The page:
“It’s tough to go into town and not see someone sporting CCHC gear,” Buetow said. “It goes a long way.”
“We couldn’t have built this business without the support of the community,” Sheils said with pride.
To help keep the business front of mind, the Home Center advertises regularly in Northern Wilds, Cook County News Herald, and The North Shore Journal and is a contributing supporter of Boreal Community Media and WTIP North Shore Radio. It also supports many community organizations with money and merchandise. It has even been advertised on Duluth-based television and radio stations.
At a trade show sponsored by Manions Building Supply in Superior, WI in March of last year, Sheils found himself having a general conversation with Tom Junker, the owner of three lumberyards on the Iron Range and Sawtooth Lumber in Grand Marais. In typical small business conversation, Junker asked Sheils to give him a call if the Home Center was ever for sale. Sheils offered the same if Junker ever wanted to sell Sawtooth.
A few months later, Sheils got a call from Junker who said he now wanted to sell Sawtooth and wanted to give Sheils and Buetow first right of refusal. The transaction moved forward from there and was consummated on March 1, 2023, when the Home Center acquired the property and other assets of Sawtooth Lumber.
“If we didn’t have the crew and management that we have, we’d never have been able to pull this off,” Sheils said.
One member of the management team is Dan Fernlund, Director of Operations. Fernlund started at the Home Center on May 30, 2018, as the “yard guy.” Unloading trucks, stacking lumber, and loading delivery trucks, he learned the nuts and bolts of the lumber yard.
When the Home Center’s longtime bookkeeper Crystal Spry retired on August 31, 2019, Fernlund took over bookkeeping duties.
Fernlund automated inventory control and introduced electronic ordering. All focused on efficiency and better customer service. Fernlund and his support staff have revamped all of the accounting systems used at Sawtooth Lumber, and fully integrated them into the Cook County Home Center System.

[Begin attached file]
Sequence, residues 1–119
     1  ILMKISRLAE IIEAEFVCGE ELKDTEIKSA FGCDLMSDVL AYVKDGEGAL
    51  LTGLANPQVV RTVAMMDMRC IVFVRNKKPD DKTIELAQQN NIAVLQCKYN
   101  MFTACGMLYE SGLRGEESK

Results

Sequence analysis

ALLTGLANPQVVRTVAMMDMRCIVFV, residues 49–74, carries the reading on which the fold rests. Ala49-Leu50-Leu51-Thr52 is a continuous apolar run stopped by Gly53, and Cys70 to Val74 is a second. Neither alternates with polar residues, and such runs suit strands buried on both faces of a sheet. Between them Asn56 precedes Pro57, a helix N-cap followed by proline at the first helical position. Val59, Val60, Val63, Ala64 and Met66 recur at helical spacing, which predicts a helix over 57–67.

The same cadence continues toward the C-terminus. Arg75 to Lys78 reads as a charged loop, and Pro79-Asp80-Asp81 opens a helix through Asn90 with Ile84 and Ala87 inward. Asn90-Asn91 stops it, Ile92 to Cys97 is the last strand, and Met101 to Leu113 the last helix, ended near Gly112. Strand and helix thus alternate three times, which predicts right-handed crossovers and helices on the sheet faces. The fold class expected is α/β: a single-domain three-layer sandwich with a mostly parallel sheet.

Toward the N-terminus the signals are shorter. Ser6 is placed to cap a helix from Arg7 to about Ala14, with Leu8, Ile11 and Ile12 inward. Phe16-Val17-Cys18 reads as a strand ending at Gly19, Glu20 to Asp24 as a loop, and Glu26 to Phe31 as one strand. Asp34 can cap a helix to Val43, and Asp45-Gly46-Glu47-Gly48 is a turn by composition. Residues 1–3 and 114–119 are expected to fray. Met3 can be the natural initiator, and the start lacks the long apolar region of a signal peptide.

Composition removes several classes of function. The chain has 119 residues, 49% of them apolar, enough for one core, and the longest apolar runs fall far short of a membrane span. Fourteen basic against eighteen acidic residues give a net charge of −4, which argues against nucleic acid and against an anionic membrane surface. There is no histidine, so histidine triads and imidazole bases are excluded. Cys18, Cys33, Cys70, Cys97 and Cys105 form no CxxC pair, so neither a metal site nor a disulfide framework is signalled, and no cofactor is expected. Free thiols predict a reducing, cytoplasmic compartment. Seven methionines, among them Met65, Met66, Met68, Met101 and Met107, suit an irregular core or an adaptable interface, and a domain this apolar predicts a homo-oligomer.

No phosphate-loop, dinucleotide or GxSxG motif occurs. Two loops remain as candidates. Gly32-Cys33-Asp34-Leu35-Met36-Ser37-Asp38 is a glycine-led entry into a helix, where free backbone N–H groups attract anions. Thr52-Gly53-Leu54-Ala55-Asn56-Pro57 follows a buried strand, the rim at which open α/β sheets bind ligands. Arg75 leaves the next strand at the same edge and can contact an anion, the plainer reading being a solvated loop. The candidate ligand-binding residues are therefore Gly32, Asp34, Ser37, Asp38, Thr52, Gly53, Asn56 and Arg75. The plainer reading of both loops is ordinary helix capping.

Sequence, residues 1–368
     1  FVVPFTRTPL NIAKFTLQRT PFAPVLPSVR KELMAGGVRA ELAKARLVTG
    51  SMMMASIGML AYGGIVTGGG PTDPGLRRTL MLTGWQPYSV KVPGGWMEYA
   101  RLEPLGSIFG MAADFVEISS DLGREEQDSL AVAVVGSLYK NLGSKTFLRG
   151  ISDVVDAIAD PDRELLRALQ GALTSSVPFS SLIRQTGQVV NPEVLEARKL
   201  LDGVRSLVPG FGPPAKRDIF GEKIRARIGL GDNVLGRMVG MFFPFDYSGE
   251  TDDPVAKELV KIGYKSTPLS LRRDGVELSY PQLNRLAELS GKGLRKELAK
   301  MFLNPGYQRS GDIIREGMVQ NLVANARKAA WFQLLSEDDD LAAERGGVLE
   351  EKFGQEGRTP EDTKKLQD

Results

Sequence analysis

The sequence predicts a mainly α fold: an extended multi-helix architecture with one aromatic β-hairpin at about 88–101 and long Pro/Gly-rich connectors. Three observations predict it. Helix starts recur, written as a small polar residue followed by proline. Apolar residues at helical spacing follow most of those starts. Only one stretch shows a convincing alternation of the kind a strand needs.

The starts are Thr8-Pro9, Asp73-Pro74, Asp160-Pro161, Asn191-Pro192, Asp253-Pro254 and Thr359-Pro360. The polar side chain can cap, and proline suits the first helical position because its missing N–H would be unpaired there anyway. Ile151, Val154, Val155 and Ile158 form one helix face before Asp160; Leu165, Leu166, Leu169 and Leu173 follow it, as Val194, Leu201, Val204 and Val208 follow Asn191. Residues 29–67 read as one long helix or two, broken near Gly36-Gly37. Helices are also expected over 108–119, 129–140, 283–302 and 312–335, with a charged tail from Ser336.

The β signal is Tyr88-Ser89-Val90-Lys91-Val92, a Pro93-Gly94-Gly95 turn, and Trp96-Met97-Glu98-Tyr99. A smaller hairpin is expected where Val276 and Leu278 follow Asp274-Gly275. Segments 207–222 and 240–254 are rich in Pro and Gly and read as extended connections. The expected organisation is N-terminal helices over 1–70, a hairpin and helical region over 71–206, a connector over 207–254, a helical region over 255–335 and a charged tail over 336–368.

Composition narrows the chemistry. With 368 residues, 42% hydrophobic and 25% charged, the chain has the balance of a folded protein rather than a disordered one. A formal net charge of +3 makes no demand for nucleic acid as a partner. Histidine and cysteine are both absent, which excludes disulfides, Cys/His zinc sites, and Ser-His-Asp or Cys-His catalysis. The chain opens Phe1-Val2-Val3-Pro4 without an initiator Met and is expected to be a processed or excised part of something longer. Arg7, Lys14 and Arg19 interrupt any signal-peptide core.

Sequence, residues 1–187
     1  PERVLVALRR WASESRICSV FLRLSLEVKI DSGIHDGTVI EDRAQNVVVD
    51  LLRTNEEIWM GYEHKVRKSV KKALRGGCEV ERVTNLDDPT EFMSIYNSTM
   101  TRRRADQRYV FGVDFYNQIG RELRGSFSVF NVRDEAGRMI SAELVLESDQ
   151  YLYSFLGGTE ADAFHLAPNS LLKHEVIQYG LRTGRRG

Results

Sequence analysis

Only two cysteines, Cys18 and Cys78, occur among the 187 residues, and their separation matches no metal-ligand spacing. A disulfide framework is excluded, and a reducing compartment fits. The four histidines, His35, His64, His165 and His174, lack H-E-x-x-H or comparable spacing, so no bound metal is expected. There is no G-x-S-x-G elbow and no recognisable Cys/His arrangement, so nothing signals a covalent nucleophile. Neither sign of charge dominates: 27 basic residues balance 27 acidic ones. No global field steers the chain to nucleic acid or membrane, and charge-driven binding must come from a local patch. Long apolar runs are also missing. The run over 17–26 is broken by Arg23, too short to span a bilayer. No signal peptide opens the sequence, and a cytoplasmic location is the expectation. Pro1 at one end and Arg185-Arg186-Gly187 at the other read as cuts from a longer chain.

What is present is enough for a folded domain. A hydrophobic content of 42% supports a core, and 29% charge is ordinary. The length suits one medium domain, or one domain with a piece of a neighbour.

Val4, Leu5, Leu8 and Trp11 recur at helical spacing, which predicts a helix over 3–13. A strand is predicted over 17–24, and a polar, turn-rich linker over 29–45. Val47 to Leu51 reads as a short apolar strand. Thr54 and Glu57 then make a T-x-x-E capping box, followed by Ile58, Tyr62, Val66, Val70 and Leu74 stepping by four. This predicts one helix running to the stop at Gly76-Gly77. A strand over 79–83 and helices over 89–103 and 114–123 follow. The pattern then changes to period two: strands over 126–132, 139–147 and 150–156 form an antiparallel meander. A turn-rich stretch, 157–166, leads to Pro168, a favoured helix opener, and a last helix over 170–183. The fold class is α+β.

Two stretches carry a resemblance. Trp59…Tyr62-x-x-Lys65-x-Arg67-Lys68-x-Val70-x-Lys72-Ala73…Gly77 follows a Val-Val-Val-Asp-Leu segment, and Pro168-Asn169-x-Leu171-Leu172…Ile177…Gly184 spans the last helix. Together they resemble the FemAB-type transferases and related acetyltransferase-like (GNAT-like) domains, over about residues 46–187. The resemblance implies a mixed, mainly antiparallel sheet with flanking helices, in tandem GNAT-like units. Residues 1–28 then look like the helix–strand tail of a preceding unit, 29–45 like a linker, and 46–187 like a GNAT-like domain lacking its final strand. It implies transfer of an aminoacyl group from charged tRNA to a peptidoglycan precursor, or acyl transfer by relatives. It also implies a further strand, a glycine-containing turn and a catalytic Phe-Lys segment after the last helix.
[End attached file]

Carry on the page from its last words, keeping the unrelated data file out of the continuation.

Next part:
In addition to managing the ordering, receiving, and delivery systems, Fernlund supervises a 12-person staff. Eight are full-time positions.
Full-timers working mostly out of the west side location are Lucas Sheils, Danny Ford, and Mike Skopec. Also at the west side are former Sawtooth personnel Steve Wick, Mark Pedersen, and Judi Twiest.
Bob Swanson and Jes Rodne are full-time employees at the east side (Ace) location. Anna Hamilton and William Onkka work part-time.
In the summer, Landon Sheils and Oscar Mielke, both in high school, work as “yard guys.”
“Our customer service has improved. We have good staff,” Fernlund said. He added that he gets reminded of that often by other business owners in town who wonder how to do the same.
Nate Sheils is married to Lynn Sheils, a preschool teacher in the Grand Portage Head Start program. They have four kids, all of whom have worked or are working at the Home Center. Natassja worked summers while going to school and now lives in South Carolina after completing nursing school. Levi also worked summers while in school and is looking at his final year at Hamline University in St. Paul. Lucas began working at the Home Center when he was 14 and now works full-time after completing a program at Lake Superior College in Duluth. Their youngest, Landon, is a Cook County High School student and has worked at the Home Center for three summers.
Buetow is engaged to marry Vicki Grafton. Grafton was an employee of the Hedstrom Lumber Yard up until the time of the fire when she was hired by Spry at Superior Lumber.
Buetow is proud of the relationship he and Sheils have with contractors, homeowners, and cabin people. “You know me,” he said. “I try to be on a first-name basis with all of our customers.”
Buetow and Sheils look forward to a prosperous future. “Our goal is to be able to service everybody’s lumber and building needs as Cook County continues to grow,” Sheils said.